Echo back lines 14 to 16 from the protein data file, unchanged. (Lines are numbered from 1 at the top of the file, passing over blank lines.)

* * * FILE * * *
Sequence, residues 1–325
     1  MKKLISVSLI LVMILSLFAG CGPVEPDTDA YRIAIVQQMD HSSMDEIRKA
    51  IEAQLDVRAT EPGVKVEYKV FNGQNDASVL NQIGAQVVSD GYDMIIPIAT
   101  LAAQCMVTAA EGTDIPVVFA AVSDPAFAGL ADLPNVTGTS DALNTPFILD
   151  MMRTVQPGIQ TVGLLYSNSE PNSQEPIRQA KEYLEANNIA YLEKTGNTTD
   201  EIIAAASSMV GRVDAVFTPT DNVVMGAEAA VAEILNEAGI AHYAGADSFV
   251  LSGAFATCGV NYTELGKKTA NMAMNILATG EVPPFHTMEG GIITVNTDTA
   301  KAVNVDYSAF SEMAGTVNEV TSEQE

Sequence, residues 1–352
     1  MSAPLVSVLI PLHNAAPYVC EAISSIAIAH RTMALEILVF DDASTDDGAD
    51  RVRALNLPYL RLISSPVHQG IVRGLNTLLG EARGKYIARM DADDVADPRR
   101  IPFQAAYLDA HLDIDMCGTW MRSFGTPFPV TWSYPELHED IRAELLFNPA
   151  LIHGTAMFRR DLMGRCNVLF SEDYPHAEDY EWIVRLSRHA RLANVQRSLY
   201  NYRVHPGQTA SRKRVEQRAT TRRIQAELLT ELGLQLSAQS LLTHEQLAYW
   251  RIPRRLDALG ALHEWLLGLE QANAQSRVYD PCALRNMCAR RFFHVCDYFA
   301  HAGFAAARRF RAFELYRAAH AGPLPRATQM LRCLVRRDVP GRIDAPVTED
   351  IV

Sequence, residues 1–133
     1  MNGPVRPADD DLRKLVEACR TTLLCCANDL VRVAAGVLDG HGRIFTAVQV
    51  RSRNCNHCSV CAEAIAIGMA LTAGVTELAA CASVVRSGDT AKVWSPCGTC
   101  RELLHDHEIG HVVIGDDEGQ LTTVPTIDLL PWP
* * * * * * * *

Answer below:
   201  NYRVHPGQTA SRKRVEQRAT TRRIQAELLT ELGLQLSAQS LLTHEQLAYW
   251  RIPRRLDALG ALHEWLLGLE QANAQSRVYD PCALRNMCAR RFFHVCDYFA
   301  HAGFAAARRF RAFELYRAAH AGPLPRATQM LRCLVRRDVP GRIDAPVTED